Quotes by: L. E. Modesitt, Jr.
|Leland Exton Modesitt Jr.
Modesitt at CONduit 16 in Salt Lake City, Utah.
October 19, 1943 |
||consultant, writer, poet
||Fantasy, Science fiction
I only did about one novel a year while I was working full time, but since 1993, I've averaged two and a half books a year.
If I recall correctly, I think I signed my first contract with Tor in 1983.
I've often said that there's no one thing that I do or have done that is particularly unique. There have been a lot of other authors who were in the military. There have been a few others who were pilots. There have certainly been a lot of other people who were in politics or served congressional staffs.
'The One-Eyed Man' is a novel that was one I never intended to write.
According to my royalty statements, 'The Green Progression' sold 392 copies in hardcover.
I actually started out as a poet in high school. I published in small literary magazines for probably about ten years. I entered the Yale Younger Poet contest every year, until I was too old to be a younger poet, and I never got more than a form rejection letter from them.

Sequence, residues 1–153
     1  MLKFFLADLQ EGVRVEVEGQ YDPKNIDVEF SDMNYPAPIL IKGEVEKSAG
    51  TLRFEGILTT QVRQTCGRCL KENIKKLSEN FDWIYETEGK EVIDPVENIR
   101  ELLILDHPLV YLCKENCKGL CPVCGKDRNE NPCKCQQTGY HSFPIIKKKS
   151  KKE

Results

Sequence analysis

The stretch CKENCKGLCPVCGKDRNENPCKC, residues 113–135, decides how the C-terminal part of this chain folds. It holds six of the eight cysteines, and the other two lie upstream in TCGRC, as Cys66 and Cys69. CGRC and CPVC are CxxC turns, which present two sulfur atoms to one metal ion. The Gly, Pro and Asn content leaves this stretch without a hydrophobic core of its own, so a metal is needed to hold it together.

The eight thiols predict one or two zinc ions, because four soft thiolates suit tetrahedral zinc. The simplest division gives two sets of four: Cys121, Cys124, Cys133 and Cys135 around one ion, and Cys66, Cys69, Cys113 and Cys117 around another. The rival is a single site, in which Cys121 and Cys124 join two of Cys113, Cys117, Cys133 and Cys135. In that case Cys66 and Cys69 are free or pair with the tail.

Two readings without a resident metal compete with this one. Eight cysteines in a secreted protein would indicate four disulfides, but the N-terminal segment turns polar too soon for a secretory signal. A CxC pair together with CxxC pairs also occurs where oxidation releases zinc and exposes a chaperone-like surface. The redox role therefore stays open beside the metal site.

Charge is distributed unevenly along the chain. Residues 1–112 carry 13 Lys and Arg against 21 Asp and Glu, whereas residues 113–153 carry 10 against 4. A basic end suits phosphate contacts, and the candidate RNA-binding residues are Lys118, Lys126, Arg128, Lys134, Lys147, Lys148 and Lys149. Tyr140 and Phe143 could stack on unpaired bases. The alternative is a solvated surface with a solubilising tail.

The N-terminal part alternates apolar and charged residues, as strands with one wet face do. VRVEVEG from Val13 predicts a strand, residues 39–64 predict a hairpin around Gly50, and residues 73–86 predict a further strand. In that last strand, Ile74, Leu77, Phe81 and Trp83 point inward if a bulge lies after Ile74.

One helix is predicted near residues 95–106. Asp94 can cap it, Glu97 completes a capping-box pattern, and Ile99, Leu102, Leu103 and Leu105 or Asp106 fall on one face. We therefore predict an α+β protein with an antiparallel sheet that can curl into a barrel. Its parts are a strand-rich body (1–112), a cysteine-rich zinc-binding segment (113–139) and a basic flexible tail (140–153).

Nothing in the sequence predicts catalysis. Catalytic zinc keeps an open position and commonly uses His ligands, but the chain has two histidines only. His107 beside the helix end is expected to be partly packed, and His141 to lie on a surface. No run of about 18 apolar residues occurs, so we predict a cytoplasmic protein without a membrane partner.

My experiences in the military, the private sector, and as a congressional staffer were at times almost enough to drive me crazy. Writing offered the all-too-often-cited creative outlet.
I started writing poetry in high school because I wanted desperately to write, but somehow, writing stories didn't appeal to me, and I loved the flow and the feel and sense of poetry, especially that of what one might call formal verse.
When I was in my late twenties, a friend suggested that, since I was an avid SF reader and had been since I was barely a teenager, that since it didn't look like the poetry was going where I wanted, I might try writing a science fiction story. I did, and the first story I ever wrote was 'The Great American Economy.'
Science fiction writers have usually been very poor prognosticators of the future, either in literary or technological terms, and that's because we're all too human and, I think, have the tendency to see what we want to or, in the case of those more paranoid, what we fear.